Young Judaea opened its Year Course program on Thursday night with shofars blasting, welcoming young men and women to “the best year of your lives” at an opening ceremony in the capital.

Year Course, a nine-month program for Jewish high school graduates from America, Britain, Canada, Sweden, Denmark, Belgium and France, is one of the largest gap year programs in Israel. This is its biggest year yet, with 320 participants.

“You are the elite of the Jewish people,” said Barbara Goldstein, the deputy director of Hadassah’s Israel office, in her remarks to the crowd. “You will go forth and be the ambassadors on every college campus, you will be the ambassadors of the Jewish people.”

Hadassah, the Women’s Zionist Organization of America, is Young Judaea’s parent organization.

The group will rotate between apartments in Jerusalem, Arad and Bat Yam, participating in community service and learning about the different facets of Israeli society.

In addition to university classes in Judaism, Zionism and Hebrew, they can choose from specialized tracks, focusing on medicine, cooking, business and sports.

For the first time, 16 specially trained participants will spend February volunteering at the Agahozo Shalom Youth Village for orphans in Rwanda, which is modeled after Israeli youth villages.

“You come from different homes and backgrounds, and you each have a different voice,” former deputy minister of social and Diaspora affairs Rabbi Michael Melchior told the enthusiastic youngsters.

“What I want you to do this year is two things: listen to the voices... You’re coming to a new country, here there are a lot of different voices. Then make up your own mind, make up your own Torah, make up your own Zionism.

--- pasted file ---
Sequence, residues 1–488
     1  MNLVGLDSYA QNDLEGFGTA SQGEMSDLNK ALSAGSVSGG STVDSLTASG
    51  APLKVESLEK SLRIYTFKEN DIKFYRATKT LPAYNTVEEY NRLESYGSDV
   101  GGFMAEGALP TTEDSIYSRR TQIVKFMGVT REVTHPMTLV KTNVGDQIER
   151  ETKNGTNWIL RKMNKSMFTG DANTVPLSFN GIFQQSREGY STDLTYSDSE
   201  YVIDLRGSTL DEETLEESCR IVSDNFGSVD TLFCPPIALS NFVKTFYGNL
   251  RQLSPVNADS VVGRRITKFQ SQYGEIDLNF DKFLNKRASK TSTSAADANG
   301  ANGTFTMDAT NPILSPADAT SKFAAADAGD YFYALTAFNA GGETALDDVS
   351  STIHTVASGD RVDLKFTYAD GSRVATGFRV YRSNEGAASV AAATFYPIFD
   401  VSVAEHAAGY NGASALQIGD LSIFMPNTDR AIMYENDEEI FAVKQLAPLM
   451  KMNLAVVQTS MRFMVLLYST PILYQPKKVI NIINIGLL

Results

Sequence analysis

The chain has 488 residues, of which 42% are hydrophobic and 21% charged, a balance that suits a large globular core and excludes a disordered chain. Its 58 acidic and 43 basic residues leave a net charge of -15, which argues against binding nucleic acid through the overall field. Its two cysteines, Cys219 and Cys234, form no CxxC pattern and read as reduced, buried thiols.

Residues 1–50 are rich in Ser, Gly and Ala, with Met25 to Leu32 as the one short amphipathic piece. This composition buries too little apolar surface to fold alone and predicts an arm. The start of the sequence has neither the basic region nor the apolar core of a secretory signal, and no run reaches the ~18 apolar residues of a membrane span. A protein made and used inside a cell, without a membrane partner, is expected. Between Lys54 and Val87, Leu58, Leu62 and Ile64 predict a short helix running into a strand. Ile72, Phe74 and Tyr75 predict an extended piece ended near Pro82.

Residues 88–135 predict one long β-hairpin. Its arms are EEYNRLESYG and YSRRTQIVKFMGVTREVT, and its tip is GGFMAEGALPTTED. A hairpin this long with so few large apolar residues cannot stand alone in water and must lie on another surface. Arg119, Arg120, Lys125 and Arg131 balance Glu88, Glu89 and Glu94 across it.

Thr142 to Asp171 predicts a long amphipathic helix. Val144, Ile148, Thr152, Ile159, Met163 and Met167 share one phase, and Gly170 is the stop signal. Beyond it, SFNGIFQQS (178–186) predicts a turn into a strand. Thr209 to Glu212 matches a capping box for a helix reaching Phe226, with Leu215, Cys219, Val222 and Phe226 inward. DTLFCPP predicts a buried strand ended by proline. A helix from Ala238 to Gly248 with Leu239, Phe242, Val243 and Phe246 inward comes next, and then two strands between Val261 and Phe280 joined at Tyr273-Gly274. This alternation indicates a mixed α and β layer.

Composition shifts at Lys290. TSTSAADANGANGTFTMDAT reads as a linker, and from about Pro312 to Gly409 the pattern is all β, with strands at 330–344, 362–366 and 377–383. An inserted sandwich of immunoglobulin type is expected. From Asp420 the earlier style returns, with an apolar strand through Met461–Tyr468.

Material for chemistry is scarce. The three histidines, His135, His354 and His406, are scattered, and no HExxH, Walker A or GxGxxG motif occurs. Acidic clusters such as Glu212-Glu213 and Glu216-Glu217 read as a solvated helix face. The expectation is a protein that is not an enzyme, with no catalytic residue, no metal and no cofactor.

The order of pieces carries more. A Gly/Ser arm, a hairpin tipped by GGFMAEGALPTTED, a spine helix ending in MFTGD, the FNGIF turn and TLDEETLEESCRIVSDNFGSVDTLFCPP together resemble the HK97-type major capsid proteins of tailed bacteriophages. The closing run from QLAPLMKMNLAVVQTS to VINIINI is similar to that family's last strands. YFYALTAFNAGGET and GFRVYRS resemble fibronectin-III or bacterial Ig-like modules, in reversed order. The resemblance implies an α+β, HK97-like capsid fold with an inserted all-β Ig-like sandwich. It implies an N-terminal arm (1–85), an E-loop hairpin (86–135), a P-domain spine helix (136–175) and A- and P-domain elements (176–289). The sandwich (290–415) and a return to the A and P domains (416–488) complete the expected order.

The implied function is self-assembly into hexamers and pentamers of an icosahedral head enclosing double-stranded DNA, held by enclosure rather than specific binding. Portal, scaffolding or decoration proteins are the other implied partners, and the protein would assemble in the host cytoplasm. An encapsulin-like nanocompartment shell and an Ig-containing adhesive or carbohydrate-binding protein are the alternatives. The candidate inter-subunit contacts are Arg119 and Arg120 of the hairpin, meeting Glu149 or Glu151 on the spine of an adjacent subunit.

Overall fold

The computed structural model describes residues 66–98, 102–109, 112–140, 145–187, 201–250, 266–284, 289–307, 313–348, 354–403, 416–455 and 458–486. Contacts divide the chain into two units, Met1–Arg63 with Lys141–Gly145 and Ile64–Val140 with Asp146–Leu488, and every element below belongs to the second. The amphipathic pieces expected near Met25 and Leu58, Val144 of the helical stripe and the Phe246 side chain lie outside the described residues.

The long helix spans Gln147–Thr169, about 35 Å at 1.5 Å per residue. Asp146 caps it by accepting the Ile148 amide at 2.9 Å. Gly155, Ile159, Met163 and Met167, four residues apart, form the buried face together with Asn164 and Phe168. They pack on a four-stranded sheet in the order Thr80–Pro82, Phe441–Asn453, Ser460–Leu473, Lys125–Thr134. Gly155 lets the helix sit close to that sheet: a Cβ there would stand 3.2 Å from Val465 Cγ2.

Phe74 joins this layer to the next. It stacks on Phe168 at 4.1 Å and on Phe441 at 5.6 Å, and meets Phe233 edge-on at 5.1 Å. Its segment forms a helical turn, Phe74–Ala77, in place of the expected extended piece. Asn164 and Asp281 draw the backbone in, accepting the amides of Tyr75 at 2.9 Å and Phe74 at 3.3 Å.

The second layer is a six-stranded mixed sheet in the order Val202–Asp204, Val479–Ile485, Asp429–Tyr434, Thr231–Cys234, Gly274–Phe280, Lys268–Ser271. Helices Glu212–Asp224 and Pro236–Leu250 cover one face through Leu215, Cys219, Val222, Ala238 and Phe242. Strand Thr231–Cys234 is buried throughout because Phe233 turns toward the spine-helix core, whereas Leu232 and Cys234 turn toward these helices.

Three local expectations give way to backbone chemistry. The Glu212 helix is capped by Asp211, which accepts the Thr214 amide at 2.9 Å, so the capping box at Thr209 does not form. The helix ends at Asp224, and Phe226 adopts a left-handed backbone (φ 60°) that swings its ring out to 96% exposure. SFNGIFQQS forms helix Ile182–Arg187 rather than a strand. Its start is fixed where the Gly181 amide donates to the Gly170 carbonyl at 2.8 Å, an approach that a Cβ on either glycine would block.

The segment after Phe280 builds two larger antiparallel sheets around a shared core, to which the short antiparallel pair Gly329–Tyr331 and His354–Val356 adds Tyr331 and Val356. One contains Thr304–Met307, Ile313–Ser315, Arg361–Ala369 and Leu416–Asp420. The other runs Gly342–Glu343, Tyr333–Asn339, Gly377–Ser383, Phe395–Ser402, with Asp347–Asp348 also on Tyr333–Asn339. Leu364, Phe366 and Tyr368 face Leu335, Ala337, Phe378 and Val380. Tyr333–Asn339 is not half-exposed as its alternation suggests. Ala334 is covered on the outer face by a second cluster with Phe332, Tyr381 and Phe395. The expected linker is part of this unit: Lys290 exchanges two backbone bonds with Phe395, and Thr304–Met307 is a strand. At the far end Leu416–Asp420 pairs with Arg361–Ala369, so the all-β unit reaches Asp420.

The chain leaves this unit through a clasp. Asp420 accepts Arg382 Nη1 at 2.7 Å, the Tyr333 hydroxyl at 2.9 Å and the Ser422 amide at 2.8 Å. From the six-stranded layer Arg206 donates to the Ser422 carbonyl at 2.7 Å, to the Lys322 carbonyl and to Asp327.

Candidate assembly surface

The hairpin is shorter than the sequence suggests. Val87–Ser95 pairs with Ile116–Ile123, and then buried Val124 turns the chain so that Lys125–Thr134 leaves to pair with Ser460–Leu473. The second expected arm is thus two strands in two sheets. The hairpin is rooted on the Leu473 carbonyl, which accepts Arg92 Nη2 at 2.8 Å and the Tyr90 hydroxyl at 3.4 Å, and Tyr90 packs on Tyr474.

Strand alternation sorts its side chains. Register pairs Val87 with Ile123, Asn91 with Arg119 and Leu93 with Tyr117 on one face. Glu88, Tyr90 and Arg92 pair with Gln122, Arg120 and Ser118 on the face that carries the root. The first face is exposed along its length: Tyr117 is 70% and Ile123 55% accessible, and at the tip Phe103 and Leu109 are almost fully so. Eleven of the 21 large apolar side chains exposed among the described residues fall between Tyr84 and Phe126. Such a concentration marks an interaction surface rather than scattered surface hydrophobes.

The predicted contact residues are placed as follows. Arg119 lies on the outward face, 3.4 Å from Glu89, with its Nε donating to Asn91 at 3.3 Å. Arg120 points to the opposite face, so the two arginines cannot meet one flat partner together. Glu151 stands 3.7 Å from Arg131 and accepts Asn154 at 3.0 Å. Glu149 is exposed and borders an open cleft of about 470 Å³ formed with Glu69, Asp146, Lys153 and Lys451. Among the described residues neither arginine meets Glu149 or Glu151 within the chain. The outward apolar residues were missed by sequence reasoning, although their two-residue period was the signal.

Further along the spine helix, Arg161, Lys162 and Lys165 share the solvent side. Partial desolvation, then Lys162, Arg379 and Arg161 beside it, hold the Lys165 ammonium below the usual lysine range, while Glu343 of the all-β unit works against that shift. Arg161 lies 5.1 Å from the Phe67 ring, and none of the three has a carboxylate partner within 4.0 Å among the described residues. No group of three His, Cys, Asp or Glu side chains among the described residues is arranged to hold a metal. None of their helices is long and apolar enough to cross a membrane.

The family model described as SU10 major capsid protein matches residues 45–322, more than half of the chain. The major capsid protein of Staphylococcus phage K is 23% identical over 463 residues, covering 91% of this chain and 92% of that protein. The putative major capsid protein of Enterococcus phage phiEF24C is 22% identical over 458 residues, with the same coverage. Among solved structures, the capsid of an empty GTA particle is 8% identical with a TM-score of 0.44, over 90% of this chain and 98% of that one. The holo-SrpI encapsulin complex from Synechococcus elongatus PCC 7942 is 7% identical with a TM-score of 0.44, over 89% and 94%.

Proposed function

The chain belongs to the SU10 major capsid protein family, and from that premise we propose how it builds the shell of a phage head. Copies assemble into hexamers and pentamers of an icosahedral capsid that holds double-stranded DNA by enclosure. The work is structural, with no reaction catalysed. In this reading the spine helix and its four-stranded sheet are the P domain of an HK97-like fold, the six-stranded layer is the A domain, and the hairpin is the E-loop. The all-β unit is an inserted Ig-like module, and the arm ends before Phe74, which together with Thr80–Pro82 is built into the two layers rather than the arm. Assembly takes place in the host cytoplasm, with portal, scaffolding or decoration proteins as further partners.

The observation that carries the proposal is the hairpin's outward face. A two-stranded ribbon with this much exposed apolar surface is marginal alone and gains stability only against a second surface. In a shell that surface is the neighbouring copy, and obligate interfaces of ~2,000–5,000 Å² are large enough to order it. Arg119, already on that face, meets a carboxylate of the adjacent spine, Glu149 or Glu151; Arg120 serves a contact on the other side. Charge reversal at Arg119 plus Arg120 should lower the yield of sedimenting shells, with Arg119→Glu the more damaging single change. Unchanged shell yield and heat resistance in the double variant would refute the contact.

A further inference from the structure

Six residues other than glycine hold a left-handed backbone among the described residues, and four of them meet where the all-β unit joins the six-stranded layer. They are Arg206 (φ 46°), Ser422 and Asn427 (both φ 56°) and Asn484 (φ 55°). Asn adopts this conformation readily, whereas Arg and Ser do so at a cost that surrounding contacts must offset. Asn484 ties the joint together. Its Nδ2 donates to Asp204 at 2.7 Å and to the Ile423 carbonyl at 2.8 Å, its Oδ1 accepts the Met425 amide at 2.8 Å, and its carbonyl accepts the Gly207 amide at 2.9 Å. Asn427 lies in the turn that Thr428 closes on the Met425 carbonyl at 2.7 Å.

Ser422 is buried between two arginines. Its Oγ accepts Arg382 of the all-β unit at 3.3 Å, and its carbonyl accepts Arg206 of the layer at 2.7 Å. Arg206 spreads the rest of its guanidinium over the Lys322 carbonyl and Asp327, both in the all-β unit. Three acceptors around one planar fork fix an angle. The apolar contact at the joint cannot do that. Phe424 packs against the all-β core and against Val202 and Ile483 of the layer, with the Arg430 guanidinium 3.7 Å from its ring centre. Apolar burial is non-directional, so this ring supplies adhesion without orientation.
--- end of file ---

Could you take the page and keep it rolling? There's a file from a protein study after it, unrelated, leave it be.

And go out and create you part... and we need your voice today in our beautiful, young, frustrating, challenging society.”

The 2010-2011 Year Course program coincides with the 100th anniversary of Hadassah.

“This year there has been a lot of initiative to contribute to Israeli society,” Dan Krakow, Young Judaea’s Israel director, told The Jerusalem Post.

Participants will join volunteer groups dedicated to refugees from Darfur and victims of environmental disasters or terrorism. Many of them did research on their groups before they arrived in Israel.

“You hear it in the conversations and the speeches, this emphasis on activism,” Krakow said. “We’re a Zionist movement, we’re about changing the world, strengthening Israel, strengthening the Jewish people, and dealing with challenges.”

The participants arrived on Tuesday, the day terrorists killed four people driving on Route 60.

“It was shocking,” said Harry Mandeles, a Year Course participant from Washington, DC.

“It was terrible to hear about, and we had a long discussion about it. It opening my eyes to the fact that the country always goes through hard times and we have to work for a better place.”

With parents watching a live broadcast of the opening ceremony, the group sang, danced and mugged for the camera, ecstatic to be beginning their year in Israel.

“I’m looking forward to gaining an understanding and appreciation of my people, an ancient nation and a new state,” said Gabi Remz, from Newton, Massachusetts. “And I’m also looking forward to finding a cute Israeli girl.”

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